UPDATE 1-Darden Restaurants shares fall on consumer concern

* Shares down 4 percent

* FY ’11 view assumes same-restaurant sales up 2-3 percent

* Sees less industry discounting

* Except for oysters, no impact yet from Gulf oil spill
(Adds analyst comment, byline; updates share activity)

By Lisa Baertlein

LOS ANGELES, June 24 (BestGrowthStock) – Shares in Olive Garden and
Red Lobster parent Darden Restaurants Inc (DRI.N: ) fell 4.1
percent on Thursday after the company issued a full-year
earnings forecast that assumes sales at its major chains will
grow and that was above analyst views.

Earlier this year, casual dining chains appeared to be
recovering from a multi-year sales slump, but stubbornly high
U.S. unemployment, a weak housing market and worries that
Europe’s debt crisis could usher in a double-dip recession have
some consumers pulling back on meals away from home.

Share in Darden fell $1.70 to $40.20 in midday trading on
the New York Stock Exchange, while the Dow Jones U.S.
Restaurant and Bars index (.DJUSRU: ) was off 3.7 percent.

Elsewhere, shares in Chili’s Grill & Bar parent and Darden
rival Brinker International Inc (EAT.N: ) shed 3.3 percent.

Darden on Wednesday reported quarterly profit that fell shy
of Street estimates, in part because of a charge related to
higher-than-expected gift card redemptions, and issued a fiscal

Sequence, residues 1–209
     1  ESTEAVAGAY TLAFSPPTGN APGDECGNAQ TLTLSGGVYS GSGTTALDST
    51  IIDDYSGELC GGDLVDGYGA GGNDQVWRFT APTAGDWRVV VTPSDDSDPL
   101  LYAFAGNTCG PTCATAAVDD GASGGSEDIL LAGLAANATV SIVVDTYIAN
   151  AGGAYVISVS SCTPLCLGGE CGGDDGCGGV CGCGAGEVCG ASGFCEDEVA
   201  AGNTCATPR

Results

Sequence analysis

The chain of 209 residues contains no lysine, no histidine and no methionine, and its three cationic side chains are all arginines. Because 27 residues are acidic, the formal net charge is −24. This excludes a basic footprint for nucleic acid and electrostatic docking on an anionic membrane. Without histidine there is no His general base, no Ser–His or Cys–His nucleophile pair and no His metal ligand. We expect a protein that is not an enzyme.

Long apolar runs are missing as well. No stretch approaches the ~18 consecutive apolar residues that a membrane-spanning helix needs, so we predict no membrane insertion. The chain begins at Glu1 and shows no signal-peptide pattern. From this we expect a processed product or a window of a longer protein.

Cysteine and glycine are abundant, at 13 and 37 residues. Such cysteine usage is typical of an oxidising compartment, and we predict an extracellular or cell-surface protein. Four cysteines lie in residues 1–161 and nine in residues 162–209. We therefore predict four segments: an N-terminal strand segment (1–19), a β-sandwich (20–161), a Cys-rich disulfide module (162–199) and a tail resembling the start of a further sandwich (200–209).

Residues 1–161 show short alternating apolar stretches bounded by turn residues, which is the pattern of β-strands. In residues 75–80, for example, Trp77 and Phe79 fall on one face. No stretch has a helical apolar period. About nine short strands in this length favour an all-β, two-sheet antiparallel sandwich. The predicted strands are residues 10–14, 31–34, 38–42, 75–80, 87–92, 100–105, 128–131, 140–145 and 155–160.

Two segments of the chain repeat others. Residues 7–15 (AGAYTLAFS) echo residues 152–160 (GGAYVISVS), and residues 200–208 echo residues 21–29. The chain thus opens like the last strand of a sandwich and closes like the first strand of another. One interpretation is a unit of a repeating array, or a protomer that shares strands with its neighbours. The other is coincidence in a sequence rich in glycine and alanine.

2011 profit forecast slightly above analysts’ target.

Its growth forecast for the year ending May 2011 translated
into earnings of $3.26 to $3.35 per share on a 2 percent to 3
percent gain in sales at its established Olive Garden, Red
Lobster and LongHorn Steakhouse restaurants.

“As we look ahead to 2011, we do expect operating
conditions to improve and that’s going to be a continuation of
the improvement we think that we saw throughout this fiscal
year,” Darden Chief Executive Clarence Otis said in a
conference call on Thursday.

Darden’s same-restaurant sales fell short of company
targets in the fourth quarter and for all of fiscal 2010, said
Jefferies & Co analyst Jeff Farmer.

Farmer expects Darden’s 2011 same-store sales to grow 1.5
percent. The guidance was “a show me story in the current
environment,” he wrote in a note to clients.

While sales remain volatile, Darden executives said the
industry’s rampant discounting appears to be easing. Darden,
which also owns the Capital Grille steakhouse chain and is
among the top-performing restaurant operators, has offered
special pricing for some meals, but has refrained from the deep
discounts and giveaways seen at some rival chains.

Still, some recent results suggest that it will be
difficult to wean customers off deals.

California Pizza Kitchen Inc (CPKI.O: ) on Monday cut its
second-quarter profit (Read more your timing to make a profit.) forecast after the absence of a popular
promotion contributed to weaker-than-expected sales.

On other fronts, Darden said that while it does source some
seafood from the Gulf of Mexico — the site of an
environmentally devastating BP (BP.L: ) oil spill [ID:nLDE65N02E]
— it gets the “large majority” of its seafood from other parts
of the globe and has so far seen “very little impact on costs
and availability”.

Thus far, Darden said, only oysters have been affected.

Investing Basics
(Reporting by Lisa Baertlein. Editing by Robert MacMillan)

UPDATE 1-Darden Restaurants shares fall on consumer concern